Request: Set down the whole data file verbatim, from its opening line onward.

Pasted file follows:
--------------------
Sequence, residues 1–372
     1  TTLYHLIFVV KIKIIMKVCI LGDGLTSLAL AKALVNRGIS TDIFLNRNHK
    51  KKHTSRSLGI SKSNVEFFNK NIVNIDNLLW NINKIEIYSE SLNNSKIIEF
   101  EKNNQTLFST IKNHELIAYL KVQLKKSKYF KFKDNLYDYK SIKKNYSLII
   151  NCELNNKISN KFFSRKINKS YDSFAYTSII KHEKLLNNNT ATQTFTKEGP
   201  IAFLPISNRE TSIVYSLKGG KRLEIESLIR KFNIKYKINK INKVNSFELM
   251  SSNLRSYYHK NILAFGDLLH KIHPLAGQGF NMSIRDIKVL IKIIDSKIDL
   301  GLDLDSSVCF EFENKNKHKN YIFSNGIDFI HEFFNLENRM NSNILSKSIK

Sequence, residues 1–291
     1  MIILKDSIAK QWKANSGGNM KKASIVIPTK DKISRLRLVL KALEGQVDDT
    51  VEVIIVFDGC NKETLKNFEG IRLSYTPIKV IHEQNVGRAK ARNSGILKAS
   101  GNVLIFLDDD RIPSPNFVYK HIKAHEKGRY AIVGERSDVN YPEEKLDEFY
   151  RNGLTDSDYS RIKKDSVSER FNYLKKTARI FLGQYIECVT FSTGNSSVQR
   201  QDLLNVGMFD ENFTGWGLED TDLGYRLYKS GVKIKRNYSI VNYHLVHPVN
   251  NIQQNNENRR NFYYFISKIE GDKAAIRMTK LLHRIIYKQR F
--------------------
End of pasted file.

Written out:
Sequence, residues 1–372
     1  TTLYHLIFVV KIKIIMKVCI LGDGLTSLAL AKALVNRGIS TDIFLNRNHK
    51  KKHTSRSLGI SKSNVEFFNK NIVNIDNLLW NINKIEIYSE SLNNSKIIEF
   101  EKNNQTLFST IKNHELIAYL KVQLKKSKYF KFKDNLYDYK SIKKNYSLII
   151  NCELNNKISN KFFSRKINKS YDSFAYTSII KHEKLLNNNT ATQTFTKEGP
   201  IAFLPISNRE TSIVYSLKGG KRLEIESLIR KFNIKYKINK INKVNSFELM
   251  SSNLRSYYHK NILAFGDLLH KIHPLAGQGF NMSIRDIKVL IKIIDSKIDL
   301  GLDLDSSVCF EFENKNKHKN YIFSNGIDFI HEFFNLENRM NSNILSKSIK

Sequence, residues 1–291
     1  MIILKDSIAK QWKANSGGNM KKASIVIPTK DKISRLRLVL KALEGQVDDT
    51  VEVIIVFDGC NKETLKNFEG IRLSYTPIKV IHEQNVGRAK ARNSGILKAS
   101  GNVLIFLDDD RIPSPNFVYK HIKAHEKGRY AIVGERSDVN YPEEKLDEFY
   151  RNGLTDSDYS RIKKDSVSER FNYLKKTARI FLGQYIECVT FSTGNSSVQR
   201  QDLLNVGMFD ENFTGWGLED TDLGYRLYKS GVKIKRNYSI VNYHLVHPVN
   251  NIQQNNENRR NFYYFISKIE GDKAAIRMTK LLHRIIYKQR F